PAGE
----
March 2005: Homo floresiensis gets a brain scan. The fossil discoverers team up with Dean Falk, a hominid brain expert, to give the LB1 brain case a CT scan. They reconstruct its brain and compare it to the brain of a human microcephalic, from a skull kept at the American Museum of Natural History. They argue that the brain is significantly different from the microcephalic, and most resembles that of Homo erectus.

June 2005: The site where Homo floresiensis was found is sealed off from any further investigation, reportedly due to the conflicts among the rival scientists. (I have not heard if it has been opened since then.)

October 2005: More bones. The discoverers of Homo floresiensis publish descriptions of additional fossils. These bones, including material from the lower jaw, arms, and legs, show strong similarities to the original fossils. They lack a chin, they have long arms relative to their legs, their teeth have some odd double roots, and so on. What’s more, they come from several ages. The bones that the authors assign to Homo floresiensis now range from 97,000 to 12,000 years. If LB1′s small skull belonged to a human with a genetic disorder, then why would all of these other individuals show so many similarities? Robert Martin, a primatologist at the Field Museum in Chicago who has expressed skepticism about Homo floresiensis, says he’s writing up a critical paper.

October 2005: After more bones come more brains. A few days after the new fossil paper is published, a German team of scientists publishes a comparison of LB1 to skulls from a different sample of microcephalics. The scientists argue that the brains are quite similar. They point out that microcephalics are quite variable in the shape and size of their brains, and say it’s premature to rule out the possibility that LB1 was microcephalic too. Dean Falk and her colleagues come right back at the Germans, arguing that they tipped the brains at the wrong angle before comparing them. If all the brains are lined up at the same angle, they look less similar.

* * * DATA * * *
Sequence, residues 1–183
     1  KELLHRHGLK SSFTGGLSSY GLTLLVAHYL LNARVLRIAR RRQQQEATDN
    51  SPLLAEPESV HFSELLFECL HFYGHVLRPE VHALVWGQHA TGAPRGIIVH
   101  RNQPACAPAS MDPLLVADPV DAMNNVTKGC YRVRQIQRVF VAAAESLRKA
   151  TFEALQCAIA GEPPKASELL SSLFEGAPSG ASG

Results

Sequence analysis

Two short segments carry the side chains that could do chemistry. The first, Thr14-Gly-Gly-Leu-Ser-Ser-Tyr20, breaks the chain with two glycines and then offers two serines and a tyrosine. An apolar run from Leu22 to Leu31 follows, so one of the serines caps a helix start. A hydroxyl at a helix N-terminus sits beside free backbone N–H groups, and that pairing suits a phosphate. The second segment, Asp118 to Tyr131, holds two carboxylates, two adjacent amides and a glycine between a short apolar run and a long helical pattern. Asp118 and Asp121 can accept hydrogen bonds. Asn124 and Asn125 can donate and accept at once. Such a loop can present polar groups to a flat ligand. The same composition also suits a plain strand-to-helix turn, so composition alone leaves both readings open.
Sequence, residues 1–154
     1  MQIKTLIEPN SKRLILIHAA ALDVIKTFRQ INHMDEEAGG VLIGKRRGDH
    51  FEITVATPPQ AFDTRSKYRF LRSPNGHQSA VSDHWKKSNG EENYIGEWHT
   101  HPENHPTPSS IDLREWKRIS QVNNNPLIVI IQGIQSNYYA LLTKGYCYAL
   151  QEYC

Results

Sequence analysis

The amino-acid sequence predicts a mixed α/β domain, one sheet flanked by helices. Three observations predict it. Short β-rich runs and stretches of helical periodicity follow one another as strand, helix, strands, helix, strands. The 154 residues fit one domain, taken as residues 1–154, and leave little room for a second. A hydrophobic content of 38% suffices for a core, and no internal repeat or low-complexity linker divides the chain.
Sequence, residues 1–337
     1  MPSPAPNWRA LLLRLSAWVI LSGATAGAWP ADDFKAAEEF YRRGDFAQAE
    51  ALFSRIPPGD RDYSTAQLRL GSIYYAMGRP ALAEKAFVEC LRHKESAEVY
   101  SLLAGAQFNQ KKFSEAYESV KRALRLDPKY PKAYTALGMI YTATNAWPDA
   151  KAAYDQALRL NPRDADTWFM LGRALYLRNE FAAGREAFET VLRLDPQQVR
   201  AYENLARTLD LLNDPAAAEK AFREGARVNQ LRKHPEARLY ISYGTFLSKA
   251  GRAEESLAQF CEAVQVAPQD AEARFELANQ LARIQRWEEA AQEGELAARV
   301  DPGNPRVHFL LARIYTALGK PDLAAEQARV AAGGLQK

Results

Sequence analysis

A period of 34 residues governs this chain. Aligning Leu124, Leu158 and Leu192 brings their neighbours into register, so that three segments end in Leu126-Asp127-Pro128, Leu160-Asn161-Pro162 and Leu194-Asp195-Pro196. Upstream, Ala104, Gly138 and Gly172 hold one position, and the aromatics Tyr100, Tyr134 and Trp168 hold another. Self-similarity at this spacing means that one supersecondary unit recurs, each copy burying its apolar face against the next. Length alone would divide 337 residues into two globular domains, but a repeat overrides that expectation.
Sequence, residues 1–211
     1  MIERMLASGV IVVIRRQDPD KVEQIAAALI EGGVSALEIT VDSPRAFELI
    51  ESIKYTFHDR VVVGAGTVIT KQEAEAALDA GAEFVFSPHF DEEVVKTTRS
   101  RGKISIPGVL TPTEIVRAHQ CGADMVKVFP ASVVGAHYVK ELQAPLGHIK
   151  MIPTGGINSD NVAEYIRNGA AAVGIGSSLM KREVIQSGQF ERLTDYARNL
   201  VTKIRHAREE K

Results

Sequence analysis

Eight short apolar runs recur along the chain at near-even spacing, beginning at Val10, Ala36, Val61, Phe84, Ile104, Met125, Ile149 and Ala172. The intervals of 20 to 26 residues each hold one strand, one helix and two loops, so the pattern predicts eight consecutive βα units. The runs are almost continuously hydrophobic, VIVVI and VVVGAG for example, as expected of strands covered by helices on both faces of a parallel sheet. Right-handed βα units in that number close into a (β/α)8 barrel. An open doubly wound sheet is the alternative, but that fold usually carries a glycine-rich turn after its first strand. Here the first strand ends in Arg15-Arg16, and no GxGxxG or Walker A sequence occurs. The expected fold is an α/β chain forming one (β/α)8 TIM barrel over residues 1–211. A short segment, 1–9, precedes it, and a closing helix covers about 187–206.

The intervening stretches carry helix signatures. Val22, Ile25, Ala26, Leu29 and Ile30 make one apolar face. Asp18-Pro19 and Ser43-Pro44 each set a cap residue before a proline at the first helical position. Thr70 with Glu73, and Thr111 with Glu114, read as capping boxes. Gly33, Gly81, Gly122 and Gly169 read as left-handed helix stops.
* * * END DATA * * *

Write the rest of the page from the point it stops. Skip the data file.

May 2006: More skeptics weigh in. After a long winter without more news to take in, Robert Martin publishes his first attack on Homo floresiensis, teaming up with experts in other relevant areas such as William Dobyns, an expert on microcephaly at the University of Chicago. They present evidence that the microcephalic Falk chose was a nineteenth-century child named Jakob Moegele. An adult would have been a better comparison. The scientists present a couple sketches which they claim are more similar to LB1. The scientists also argue that LB1 is too small to be the result of evolutionary dwarfing. If Homo floresiensis followed the same trend that other mammals have, it should have had a much bigger brain relative to its body. Falk and her colleagues responded by asking how they could judge sketches (as opposed to detailed scans). They also hinted that perhaps Homo floresiensis might have evolved from an older, smaller branch of hominids.